REVIEW: Paddington 2 is a winning treat

Matt Adcock reviews Paddington 2 (PG), starring Hugh Grant and Hugh Bonneville

Monday, 13th November 2017, 9:50 am
Updated Tuesday, 12th December 2017, 7:29 am
Paddington, voiced by Ben Whishaw
Paddington, voiced by Ben Whishaw

“Aunt Lucy says to look for the goodness in everyone you meet…”

Michael Bond's furry, fun loving, marmalade endorsing, orphaned little bear is back. Since his first excellent big screen adventure, Paddington (once again voiced by Ben Whishaw) has happily settled in with the Brown family and become a popular and useful member of the local community.

Now his Aunt Lucy's 100th birthday approaches and he must find a perfect gift for her, as luck would have it, a unique pop-up book of London has been found in Mr Gruber's antique shop. The only drawback is that it costs a grand and so Paddington enters the world of work in order to save up and buy it. But when the book is stolen, it's up to Paddington and the Browns to unmask the thief and see justice done.

The good news is that this sequel is simply superb on all levels, packed with genuine wit and winning performances from the human contingent, and blessed with a fun lightweight plot which bounds along without ever being tiresome.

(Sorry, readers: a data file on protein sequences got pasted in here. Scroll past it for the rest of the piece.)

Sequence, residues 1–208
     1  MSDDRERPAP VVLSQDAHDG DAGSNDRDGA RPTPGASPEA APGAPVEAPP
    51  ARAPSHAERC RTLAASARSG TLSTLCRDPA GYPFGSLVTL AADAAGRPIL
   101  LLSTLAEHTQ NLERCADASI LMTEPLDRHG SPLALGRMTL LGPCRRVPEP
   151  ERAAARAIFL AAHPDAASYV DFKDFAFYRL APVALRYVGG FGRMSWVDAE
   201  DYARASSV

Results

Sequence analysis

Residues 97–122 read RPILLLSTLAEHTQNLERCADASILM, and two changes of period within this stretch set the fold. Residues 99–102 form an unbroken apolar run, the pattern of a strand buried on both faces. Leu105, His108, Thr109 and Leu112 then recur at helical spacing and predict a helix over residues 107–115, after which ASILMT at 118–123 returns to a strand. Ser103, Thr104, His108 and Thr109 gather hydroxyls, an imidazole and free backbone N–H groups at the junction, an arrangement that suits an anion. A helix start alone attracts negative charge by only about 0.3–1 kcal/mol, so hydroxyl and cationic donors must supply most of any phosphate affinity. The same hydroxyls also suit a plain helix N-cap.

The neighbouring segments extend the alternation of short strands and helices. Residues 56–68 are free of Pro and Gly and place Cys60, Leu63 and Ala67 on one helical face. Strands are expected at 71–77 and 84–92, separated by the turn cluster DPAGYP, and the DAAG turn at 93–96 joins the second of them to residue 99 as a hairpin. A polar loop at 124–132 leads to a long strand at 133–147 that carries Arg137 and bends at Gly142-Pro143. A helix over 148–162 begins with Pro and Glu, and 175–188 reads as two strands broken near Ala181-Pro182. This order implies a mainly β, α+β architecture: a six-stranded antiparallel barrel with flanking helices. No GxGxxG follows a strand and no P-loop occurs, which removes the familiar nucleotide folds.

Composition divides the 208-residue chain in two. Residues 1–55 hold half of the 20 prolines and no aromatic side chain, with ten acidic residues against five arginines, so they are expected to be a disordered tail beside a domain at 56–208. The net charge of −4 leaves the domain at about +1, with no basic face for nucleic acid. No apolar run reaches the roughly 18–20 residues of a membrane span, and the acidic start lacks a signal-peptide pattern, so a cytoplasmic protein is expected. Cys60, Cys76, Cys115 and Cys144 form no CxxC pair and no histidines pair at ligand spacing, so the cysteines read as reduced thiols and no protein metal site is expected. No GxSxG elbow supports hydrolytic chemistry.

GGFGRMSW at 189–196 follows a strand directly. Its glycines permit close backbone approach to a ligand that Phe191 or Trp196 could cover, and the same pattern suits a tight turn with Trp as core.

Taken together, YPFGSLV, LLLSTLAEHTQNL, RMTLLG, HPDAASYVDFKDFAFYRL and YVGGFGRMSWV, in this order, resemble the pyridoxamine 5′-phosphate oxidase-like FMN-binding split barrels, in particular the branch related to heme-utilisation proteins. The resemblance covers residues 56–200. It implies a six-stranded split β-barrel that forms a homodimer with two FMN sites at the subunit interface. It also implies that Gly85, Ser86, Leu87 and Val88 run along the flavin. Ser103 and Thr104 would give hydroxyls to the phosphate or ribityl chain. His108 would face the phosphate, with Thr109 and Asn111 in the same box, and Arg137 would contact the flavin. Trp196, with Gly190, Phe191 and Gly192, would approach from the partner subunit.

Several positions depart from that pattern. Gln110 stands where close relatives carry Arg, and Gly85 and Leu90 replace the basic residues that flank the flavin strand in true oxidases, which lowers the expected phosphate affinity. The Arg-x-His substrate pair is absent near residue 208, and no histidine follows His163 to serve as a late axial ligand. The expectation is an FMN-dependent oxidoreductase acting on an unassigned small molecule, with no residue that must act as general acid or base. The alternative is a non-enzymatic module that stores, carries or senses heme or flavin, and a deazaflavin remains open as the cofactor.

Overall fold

Baddie of the piece is the villainous Phoenix Buchanan (a wonderfully OTT performance from Hugh Grant sending himself up) - a bitter faded actor looking to launch is own one man show on the West End. The detective subplot leads to a hair-raising finale that sees a steam powered chase, hand-to-hand combat and an anxious life-or-death moment that had the children in the screening I caught this at squealing in delight.

Due to some miscarriage of justice, Paddington finds himself behind bars but being a cheerful young bear he has in no time befriended the dangerous criminals he’s locked up with who include Knuckles McGinty (Brendan Gleeson), T-Bone (Tom Davis) and Jimmy the Snitch (Robert Stevenson).

The CGI animation is exceptional, Paddington himself is a walking, talking, wonder and other nice touches abound such as a moving scene of 2D paper cut-outs which mimic the classic ‘70s TV show.

Everything works so well - director Paul King has served up a winning treat, refreshingly free of cynical cash grab merchandising (unless you count the numerous plugs for marmalade) – effectively capturing a joyful innocence. This is a must see for anyone who with children or those who are just young at heart.